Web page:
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Re: xctime()

From: Bruno Haible
Subject: Re: xctime()
Date: Sun, 24 Jan 2010 20:51:58 +0100
User-agent: KMail/1.9.9

Hi Robert,

Robert Millan wrote:
> I implemented xctime for GNU isofsmk.  xctime is an alternative to ctime()
> that:
>   - Uses dynamic allocation
>   - Is thread-safe
>   - Returns localized strings

I agree that it's not a good idea to use ctime() or asctime(), because of
the problems mentioned in gnulib/doc/posix-functions/*ctime.texi.

> char *
> xctime (const time_t *time)
> {
>   struct tm *loctime;
>   char *str;
>   size_t len;
>   loctime = localtime (time);
>   len = strftime (NULL, INT32_MAX, "%c", loctime) + sizeof ("");
>   str = xmalloc (len);
>   strftime (str, len, "%c", loctime);
>   return str;
> }
> I find it much more comfortable than having to deal with strftime() every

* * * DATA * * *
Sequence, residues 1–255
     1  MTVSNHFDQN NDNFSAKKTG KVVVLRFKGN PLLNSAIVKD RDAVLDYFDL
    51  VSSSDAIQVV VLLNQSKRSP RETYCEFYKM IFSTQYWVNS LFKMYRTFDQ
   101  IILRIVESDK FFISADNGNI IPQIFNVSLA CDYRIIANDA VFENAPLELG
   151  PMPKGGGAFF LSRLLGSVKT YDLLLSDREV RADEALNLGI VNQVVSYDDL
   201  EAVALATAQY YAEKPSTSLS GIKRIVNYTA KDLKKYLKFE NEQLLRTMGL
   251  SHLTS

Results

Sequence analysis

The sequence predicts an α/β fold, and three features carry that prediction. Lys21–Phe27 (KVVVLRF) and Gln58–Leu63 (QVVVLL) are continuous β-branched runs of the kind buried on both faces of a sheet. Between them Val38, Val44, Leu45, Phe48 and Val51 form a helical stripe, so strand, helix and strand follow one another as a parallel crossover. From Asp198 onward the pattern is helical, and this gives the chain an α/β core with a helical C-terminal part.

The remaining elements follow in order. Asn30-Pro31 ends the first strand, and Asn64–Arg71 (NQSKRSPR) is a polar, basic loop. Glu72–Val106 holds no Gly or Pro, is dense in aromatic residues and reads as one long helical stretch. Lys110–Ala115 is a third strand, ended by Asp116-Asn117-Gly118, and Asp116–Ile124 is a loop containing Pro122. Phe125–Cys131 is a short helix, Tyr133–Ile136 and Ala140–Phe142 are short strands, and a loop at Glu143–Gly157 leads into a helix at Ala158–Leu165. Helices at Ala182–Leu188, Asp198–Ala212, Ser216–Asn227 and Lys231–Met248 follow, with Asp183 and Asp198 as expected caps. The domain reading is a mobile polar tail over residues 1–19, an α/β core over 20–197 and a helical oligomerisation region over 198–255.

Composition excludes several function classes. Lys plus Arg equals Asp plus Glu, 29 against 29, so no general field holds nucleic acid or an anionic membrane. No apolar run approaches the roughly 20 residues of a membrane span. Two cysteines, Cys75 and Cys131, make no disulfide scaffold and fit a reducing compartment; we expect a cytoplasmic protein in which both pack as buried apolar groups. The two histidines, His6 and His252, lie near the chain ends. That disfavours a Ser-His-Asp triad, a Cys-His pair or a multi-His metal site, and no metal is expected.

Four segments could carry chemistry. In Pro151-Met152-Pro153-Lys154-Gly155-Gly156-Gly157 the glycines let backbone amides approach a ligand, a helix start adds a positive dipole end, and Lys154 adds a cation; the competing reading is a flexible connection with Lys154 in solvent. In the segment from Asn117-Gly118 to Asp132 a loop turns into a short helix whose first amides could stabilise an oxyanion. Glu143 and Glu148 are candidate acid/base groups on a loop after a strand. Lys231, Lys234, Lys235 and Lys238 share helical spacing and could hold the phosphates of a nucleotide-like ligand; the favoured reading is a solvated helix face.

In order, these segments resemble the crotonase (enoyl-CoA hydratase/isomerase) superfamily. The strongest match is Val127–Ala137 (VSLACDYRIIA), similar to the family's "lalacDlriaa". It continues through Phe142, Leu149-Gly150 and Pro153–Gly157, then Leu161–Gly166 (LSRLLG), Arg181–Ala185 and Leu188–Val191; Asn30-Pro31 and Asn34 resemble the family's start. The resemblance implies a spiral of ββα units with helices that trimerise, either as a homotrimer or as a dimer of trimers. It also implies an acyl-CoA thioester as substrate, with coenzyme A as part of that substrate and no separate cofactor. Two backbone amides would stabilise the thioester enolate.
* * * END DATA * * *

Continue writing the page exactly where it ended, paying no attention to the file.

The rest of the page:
> time.  If you're interested, I could make a Gnulib module out of it.

Hmm, if this is proposed for gnulib, I have 4 remarks:

  - Error handling: strftime can fail. Since you call xmalloc for the
    memory allocation, I think it would be reasonable to call error()
    in case strftime fails.

  - Flexibility: The three most often used formats are probably %c, %x, %X.
    Any function for date formatting should not have the format built-in.
    It should have a format indication as argument. But then you can also
    allow the user to pass an entire format string. And define shorthands
    as reminders like this:
      #define TIMEFORMAT_LOCALE_DATE "%x"

  - In the average case, you can get away with 1 strftime call instead of 2,
    if you preallocate a buffer on the stack:
      char buf[256];
      len = strftime (buf, sizeof (buf), "%c", loctime) + 1;
    In the case where 256 bytes are not enough, the function will need
    3 strftime calls instead of 1, but this case should be pretty rare
    (even in Chinese and GB18030 encoding, 64 characters should be enough
    for a date + time display).

  - sizeof ("") is confusing. You can write 1 instead.


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